Rhythmic Gymnasticsis a beautiful Olympic sport which combines elements of dance with acrobatic skills and apparatus manipulation. Girls perform individual or group routines choreographed to music and accompanied by one of the five apparatuses: rope, hoop, ball, clubs, and ribbon. This unique sport combines elegance and beauty of a dancer with strength and coordination of an athlete.
Rhythmic Gymnastics poses much less risk of injury when compared to other gymnastics disciplines. Girls build strength when training various balances, turns, and leaps/jumps while encorporating flexibility and grace into movements. Like all sports, Rhythmic Gymnastics teaches discipline, team work, respect, setting and achieving goals, self-confidence and more. Those skills developed in the gym also enhance learning abilities in school!
Ball is made of rubber or a synthetic material. As the gymnast showcases her flexibilty elements, the ball should move fluidly as if another extension of her body. Technical movements include throws and catches, bouncing, swings, thrusts, and rolling over the body or on the floor.
Hoopoffers the greatest variety of movements and technical skills. The gymnast's routines should include rolls over the body or on the floor, rotations around the hand or other parts of the body, throws/catches, and passing over or through the hoop on various planes and levels. She must coordinate those movements as she demonstrates a mixture of balances, turns, and jumps/leaps.
Rope is considered to be a very dynamic apparatus requiring good jumping abilities and explosiveness. The gymnast must execute a variety of jumps/leaps, skips and hops throughout her routine. Other common technical groups for rope are rotations, throws/catches, figure 8's, sails, and small releases of one end.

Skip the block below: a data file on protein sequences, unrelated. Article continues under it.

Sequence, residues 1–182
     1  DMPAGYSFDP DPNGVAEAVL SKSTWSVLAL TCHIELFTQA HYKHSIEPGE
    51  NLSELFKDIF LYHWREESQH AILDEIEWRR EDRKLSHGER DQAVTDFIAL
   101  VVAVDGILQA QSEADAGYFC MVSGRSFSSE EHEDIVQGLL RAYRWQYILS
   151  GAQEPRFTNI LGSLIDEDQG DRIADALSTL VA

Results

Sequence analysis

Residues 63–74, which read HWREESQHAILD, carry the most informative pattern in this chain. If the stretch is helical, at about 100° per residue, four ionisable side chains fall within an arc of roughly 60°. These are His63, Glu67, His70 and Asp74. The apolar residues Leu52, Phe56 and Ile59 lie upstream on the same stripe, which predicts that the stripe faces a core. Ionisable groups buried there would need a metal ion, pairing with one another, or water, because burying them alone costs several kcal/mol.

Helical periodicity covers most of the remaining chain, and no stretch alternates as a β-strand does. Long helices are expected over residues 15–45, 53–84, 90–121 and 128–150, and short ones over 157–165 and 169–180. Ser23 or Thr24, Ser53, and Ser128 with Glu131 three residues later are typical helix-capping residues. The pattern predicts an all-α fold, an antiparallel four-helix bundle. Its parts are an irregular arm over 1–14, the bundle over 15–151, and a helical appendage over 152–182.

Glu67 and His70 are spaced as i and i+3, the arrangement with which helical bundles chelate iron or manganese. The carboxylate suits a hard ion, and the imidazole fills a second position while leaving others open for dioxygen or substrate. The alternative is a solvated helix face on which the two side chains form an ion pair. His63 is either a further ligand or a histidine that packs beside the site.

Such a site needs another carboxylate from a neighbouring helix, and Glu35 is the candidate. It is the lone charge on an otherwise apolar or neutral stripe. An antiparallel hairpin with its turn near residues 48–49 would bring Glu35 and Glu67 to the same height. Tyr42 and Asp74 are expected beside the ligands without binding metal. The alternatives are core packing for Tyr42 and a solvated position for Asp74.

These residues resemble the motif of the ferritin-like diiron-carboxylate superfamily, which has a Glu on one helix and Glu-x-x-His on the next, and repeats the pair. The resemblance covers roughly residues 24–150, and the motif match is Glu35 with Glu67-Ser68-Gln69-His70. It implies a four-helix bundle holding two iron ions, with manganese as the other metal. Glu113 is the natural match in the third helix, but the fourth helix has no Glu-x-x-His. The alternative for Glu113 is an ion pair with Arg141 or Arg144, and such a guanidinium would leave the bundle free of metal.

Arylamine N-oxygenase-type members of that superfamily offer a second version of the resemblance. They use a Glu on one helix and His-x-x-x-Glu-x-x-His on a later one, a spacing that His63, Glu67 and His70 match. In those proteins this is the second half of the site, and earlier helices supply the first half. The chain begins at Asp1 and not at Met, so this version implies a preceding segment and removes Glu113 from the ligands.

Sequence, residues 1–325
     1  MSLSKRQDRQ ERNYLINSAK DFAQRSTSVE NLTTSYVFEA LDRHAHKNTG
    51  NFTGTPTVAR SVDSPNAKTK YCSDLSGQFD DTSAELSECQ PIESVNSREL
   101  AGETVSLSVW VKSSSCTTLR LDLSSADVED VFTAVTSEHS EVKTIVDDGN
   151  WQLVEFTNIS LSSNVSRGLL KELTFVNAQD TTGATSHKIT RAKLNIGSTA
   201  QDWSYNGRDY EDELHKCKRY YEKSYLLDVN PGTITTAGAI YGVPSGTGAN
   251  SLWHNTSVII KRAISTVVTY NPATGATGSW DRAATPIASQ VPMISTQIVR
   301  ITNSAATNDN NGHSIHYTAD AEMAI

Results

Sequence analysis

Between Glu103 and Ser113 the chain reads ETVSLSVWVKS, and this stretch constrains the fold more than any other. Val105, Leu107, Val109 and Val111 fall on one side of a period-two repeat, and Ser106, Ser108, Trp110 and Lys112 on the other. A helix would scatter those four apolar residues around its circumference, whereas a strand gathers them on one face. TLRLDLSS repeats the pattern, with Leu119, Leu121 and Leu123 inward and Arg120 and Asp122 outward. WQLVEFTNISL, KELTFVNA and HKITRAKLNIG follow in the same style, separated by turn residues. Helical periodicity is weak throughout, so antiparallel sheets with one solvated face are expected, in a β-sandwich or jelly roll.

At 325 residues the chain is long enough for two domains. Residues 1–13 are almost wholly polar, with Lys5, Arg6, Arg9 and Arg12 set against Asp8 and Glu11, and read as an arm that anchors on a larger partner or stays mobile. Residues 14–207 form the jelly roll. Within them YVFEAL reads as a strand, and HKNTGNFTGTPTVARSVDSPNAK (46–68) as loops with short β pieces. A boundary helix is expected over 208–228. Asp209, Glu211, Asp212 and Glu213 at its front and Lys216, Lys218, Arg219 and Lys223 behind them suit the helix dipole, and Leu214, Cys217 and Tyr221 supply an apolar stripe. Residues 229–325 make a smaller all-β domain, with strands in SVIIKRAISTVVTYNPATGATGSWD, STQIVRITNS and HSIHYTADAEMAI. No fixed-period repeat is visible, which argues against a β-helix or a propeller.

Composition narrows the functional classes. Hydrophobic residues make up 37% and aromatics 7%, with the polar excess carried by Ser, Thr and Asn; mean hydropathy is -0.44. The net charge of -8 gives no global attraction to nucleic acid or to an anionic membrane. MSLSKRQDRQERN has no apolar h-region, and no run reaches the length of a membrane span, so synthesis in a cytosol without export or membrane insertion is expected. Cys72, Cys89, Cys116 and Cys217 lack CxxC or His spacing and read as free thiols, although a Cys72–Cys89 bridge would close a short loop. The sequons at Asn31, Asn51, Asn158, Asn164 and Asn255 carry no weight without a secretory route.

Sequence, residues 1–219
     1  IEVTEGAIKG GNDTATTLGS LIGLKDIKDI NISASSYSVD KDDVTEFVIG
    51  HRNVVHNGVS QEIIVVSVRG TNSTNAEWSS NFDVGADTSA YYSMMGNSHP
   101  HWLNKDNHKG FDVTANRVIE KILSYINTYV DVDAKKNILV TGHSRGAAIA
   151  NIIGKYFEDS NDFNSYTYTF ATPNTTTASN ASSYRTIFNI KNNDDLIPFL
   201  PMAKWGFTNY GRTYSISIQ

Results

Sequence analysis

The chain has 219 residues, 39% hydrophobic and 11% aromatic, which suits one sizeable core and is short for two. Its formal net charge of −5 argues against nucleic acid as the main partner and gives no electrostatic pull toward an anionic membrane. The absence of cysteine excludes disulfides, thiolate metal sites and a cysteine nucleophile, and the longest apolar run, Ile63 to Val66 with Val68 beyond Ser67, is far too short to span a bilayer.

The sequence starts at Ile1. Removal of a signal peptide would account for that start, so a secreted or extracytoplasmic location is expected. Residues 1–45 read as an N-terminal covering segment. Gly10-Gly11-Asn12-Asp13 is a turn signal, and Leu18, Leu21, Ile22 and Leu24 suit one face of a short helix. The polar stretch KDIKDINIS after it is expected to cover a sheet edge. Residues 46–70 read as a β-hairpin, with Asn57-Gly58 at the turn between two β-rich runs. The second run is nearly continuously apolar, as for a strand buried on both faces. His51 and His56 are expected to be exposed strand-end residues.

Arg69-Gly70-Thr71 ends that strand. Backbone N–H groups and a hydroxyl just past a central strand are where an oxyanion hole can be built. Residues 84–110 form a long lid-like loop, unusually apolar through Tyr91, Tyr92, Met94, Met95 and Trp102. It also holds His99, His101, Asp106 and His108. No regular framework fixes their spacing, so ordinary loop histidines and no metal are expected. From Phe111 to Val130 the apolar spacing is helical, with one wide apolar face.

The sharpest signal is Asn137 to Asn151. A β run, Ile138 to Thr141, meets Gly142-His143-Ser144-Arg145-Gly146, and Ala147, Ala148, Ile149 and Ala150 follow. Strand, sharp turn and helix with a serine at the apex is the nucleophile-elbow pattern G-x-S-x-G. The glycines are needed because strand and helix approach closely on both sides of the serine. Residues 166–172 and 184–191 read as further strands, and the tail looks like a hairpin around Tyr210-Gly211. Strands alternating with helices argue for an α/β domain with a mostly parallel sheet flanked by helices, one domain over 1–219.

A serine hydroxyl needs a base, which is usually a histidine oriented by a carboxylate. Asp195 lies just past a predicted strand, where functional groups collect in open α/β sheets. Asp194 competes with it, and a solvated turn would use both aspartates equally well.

Ribbonis used to create continuous designs in space. The most difficult element of this apparatus is to keep the ribbon in motion throughout the entire routine. As the gymnast turns she will create snakes, spirals, circles, figure eights, throws/catches, and small tosses of the stick. These mesmerizing movements can be done on the floor or in the air.
Clubsare a great hand game! The fundamental body movements for clubs are balance elements. The technical groups for clubs include mills, small circles, throws, catches, tapping and trapping. Handling includes thrusts, figure eights and asymmetric movements.
The Group event is requires athletes work together as one cohesive unit. Group is judged on the ability of the athletes to demonstrate mastery of body and apparatus skills in a synchronized, harmonious manner. In addition, the group athletes must execute elements involving both large and small exchanges of equipment. Group athletes are trained to work as a team. The close interaction of the athletes within the area and the many apparatus exchanges that occur during a routine require each athlete to be extremely sensitive to the movements and actions of her teammates. Many routines have been saved by the quick thinking and action of a team member.